Summer days busy for a Maryland roofer
Wet weather bad for Baltimore roofs
Roger Bush, owner of Charm City Roofing and experienced Maryland roofer, has been to a lot of homes severely damaged in the aftermath of recent storms that generated torrential downpours.
In one incident a homeowner was lucky to escape unharmed. A rotten wood joist crashed through the ceiling of the row home in Baltimore’s Federal Hill neighborhood. The rotted joist plummeted directly onto the owner’s bed, and ripped down the ceiling scattering drywall all over the room. Luckily no one was injured.
“We’ve just been seeing just a ton of really rotted roofs,” Bush said.
Wet, wetter, wettest. Weather research shows extraordinary rainfall
July was one of the wettest months on record in the Baltimore area. Last month nearly 17 inches of rain fell in the area, according to the National Weather Service. That total nearly topped the July record of more than 18 inches set in 1955.
The totals from last month made it the fourth rainiest month on record. Storms produced nearly three inches more precipitation than the next wettest July when nearly 14 inches of rain soaked the area in 1933.
“July was a month of extremes with unprecedented dryness followed by extreme rainfall,” according to the National Weather Service’s July precipitation report.
The major reason for the wet weather pattern, according to the Baltimore Sun, is what’s called a Bermuda high, or Azores high.
The National Weather Service defines the weather pattern as a “semi-permanent, subtropical area of high pressure in the North Atlantic Ocean off the East Coast of North America that migrates east and west with varying central pressure.”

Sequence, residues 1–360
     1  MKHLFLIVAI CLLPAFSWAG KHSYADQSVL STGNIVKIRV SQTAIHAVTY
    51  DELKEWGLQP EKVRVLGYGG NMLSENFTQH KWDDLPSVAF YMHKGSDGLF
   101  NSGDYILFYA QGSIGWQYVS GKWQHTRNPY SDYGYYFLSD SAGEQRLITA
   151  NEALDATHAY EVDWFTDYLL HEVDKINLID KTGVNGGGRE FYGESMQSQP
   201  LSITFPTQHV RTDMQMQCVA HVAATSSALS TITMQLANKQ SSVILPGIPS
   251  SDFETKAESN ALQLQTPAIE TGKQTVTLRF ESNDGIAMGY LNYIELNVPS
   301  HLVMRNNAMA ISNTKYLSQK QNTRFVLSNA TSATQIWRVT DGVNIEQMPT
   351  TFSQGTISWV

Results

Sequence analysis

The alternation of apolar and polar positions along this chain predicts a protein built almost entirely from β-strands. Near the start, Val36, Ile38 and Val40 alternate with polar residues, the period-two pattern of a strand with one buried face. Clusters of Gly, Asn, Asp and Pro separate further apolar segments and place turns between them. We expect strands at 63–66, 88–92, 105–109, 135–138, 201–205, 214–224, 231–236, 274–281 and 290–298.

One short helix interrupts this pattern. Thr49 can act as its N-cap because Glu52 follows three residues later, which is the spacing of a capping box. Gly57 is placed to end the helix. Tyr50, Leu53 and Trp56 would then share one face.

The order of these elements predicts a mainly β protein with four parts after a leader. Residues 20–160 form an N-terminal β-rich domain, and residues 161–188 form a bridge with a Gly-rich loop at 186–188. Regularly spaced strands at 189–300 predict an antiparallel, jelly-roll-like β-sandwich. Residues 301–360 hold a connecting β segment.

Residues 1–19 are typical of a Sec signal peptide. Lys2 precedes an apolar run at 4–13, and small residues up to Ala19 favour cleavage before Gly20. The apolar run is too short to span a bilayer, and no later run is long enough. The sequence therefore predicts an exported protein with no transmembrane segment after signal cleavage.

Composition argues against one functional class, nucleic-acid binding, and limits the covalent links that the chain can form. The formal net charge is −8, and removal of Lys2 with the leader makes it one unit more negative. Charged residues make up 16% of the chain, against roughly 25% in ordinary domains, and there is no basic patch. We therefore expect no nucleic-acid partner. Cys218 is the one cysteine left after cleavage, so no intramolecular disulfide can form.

Compounding the problem, June also was an above average month in terms of rain. In fact, there’s been above average rainfall in the Baltimore area each month starting in April.
Wet weather, unpredictable and deadly
Excess rain dampens Maryland homes, drains pocketbooks
In some cases the wet weather has even been deadly. A strong storm on May 27 dropped more than eight inches of rain in the Ellicott City area in a matter of hours. The deluge caused the second deadly flood in the historic mill area in as many years.
A wet start to summer up doesn’t guarantee the trend will continue in August, National Weather Service data indicates a wetter than usual June and July doesn’t guarantee more rain later in the summer. But unpredictable weather patterns, fueled by climate change, make depending on previous years to make predictions difficult.
In addition to rain, some of the most severe storms produced hail. The frozen precipitation is a leading cause of roof damage across the United States. In the past five years, according to the Insurance Information Institute, nearly 11 million homes on average have been affected by hail across the nation.
It’s also currently peak hurricane season in the Atlantic Ocean. The storm season started on June 1, and will pick up steam through August and September and peter out as it gets closer to its conclusion on Nov. 30.